Fitch became the second ratings agency to downgrade South Africa’s sovereign credit rating to junk status this week.
On Friday it downgraded both South Africa’s local and foreign currency ratings, citing President Jacob Zuma’s Cabinet reshuffle and the increased likelihood that South Africa would speed up its “expensive” nuclear procurement drive under a new Cabinet.
The ratings agency said the replacement of former finance minister Pravin Gordhan and his deputy, Mcebisi Jonas, is likely to result in a change in economic policy direction.
The reshuffle reflected Gordhan’s efforts to improve governance at state-owned entities (SOEs) and would undermine, if not reverse, progress made in SOE governance, Fitch said. This would increase the risk that SOE debt could “migrate onto the government’s balance sheet,” it said.
Differences over the expensive nuclear programme may also have contributed to the reason for the recent reshuffle, Fitch said, and under the new Cabinet, including new Energy Minister Mmamoloko Kubayi, “the programme is likely to move relatively quickly”.
Eskom had already issued a request for information for nuclear suppliers and is expected to issue a request for proposal for nuclear power stations later this year, it added.
“The treasury under its previous leadership had said that Eskom could not absorb the nuclear programme with its current approved guarantees, so the treasury will likely have to substantially increase guarantees to Eskom,” the agency said.
Government guarantees to various parastatals are expected to reach over R460-billion in the 2017/18 financial year, according to data from the treasury.
Fitch’s announcement came as thousands of South Africans in cities across the country took to the streets to protest Zuma’s leadership.
The steady deterioration in South Africa’s foreign and local currency credit ratings is beginning to threaten its inclusion in important global bond indices, such as the Citigroup world government bond index (WGBI).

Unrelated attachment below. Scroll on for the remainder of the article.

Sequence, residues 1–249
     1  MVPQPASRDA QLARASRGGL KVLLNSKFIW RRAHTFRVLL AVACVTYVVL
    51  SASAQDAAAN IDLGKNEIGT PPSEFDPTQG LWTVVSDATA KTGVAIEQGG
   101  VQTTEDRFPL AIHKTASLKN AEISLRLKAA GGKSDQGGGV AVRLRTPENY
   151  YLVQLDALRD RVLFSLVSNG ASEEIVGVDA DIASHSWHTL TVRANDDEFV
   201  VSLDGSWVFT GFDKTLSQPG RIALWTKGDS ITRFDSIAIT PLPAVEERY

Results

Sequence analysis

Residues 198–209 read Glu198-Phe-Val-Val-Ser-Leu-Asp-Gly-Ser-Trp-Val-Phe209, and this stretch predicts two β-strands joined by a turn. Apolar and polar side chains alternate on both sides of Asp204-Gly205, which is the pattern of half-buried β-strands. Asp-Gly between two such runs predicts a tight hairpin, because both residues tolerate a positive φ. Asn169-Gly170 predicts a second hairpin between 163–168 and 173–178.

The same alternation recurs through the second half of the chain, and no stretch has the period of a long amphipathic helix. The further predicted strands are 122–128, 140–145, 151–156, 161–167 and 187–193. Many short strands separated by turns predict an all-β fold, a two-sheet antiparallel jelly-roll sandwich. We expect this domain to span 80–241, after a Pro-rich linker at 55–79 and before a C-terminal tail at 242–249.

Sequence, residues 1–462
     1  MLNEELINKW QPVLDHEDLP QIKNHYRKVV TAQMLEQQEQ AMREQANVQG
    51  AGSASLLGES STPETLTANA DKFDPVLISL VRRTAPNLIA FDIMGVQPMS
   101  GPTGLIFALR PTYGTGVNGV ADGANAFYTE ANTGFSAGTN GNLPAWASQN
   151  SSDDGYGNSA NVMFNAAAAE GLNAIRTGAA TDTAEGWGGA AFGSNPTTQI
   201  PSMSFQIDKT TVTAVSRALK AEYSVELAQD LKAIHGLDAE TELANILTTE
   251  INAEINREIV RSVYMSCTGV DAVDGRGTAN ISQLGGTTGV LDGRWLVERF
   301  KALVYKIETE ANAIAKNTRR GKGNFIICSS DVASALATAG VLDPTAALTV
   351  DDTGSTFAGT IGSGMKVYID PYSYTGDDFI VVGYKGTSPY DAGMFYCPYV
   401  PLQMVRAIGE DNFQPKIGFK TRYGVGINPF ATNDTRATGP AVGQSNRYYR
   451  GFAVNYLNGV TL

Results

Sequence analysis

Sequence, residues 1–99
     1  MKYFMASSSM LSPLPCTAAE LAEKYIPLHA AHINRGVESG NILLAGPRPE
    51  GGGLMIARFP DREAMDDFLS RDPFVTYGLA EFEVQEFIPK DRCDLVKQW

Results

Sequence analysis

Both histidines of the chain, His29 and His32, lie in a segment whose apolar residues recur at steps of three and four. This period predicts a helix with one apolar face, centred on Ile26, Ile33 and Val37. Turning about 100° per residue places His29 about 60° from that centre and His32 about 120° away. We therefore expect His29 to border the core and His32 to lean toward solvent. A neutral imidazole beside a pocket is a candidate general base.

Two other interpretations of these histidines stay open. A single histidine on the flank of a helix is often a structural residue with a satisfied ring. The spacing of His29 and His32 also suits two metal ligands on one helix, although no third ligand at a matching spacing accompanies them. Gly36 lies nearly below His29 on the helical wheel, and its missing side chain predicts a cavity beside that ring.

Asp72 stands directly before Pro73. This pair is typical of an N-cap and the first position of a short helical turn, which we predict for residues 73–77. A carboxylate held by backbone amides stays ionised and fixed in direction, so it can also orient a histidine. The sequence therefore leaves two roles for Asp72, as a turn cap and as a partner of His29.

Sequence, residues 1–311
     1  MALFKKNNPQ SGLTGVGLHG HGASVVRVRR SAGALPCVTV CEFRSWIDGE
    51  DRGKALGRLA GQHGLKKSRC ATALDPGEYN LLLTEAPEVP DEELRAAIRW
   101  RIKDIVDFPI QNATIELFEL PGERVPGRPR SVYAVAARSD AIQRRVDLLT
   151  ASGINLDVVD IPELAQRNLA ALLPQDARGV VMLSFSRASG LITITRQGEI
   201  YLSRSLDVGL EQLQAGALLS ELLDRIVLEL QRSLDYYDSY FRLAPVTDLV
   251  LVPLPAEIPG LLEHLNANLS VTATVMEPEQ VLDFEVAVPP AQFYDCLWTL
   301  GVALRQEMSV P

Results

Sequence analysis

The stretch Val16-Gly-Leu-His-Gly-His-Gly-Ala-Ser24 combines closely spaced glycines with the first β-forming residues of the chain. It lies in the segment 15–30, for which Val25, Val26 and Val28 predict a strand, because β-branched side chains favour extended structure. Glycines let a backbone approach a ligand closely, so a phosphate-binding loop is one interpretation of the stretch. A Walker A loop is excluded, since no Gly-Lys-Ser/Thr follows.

The foreign currency credit rating applies to the debt a country issues in a foreign currency. In other words, it is the agency’s view of the ability of an issuing country to meet its loan obligations in a foreign currency.
The local currency rating applies to debt issued in a country’s own currency.
According to the national treasury, South Africa has around R2.2-trillion in government debt, with about 10% (or R220-billion) in foreign currency, such as US dollars and euros. The rest is denominated in rands.
It is the local currency ratings of agencies Moody’s and S&P Global that determine whether South Africa will remain in the WGBI.
S&P downgraded South Africa’s foreign currency rating to sub-investment grade, while it kept the local currency rating a notch above junk, with a view to downgrading it.
Moody’s, which has placed South Africa on review for downgrade, but is yet to make a decision, currently has South Africa’s foreign and local currency ratings above junk.
Inclusion in global bond indices ensures that certain large investors, such as pension funds, who are mandated to only take up investment grade debt, can buy South African bonds.
According to KPMG economist Christie Viljoen, exclusion from these indices, would not necessarily be the “end of the world”. But remaining in them makes it much easier and cheaper for major international investors to buy government debt.
While 90% of government’s debt was rand denominated, international investors hold around 35% of that debt he added.
The steady downgrades of South Africa’s credit ratings to junk would worry these investors, he said, and will have implications for South Africa’s ability to raise money.
“The cost of future debt will become more expensive,” Viljoen said.
In a statement, the treasury said it noted Fitch’s decision and although it was “a setback”, government remained committed to working with business, labour and the civil society to improve “business confidence and implement structural reforms to accelerate inclusive economic growth”.
It reaffirmed the government’s commitment to the policy stance contained in Zuma’s State of the Nation Address and the 2017 budget.
This included the fiscal policy trajectory outlined in the budget; reforms to improve governance at SOEs and ensuring that nuclear procurement “will be transparent and implemented at a scale and pace that the country can afford”.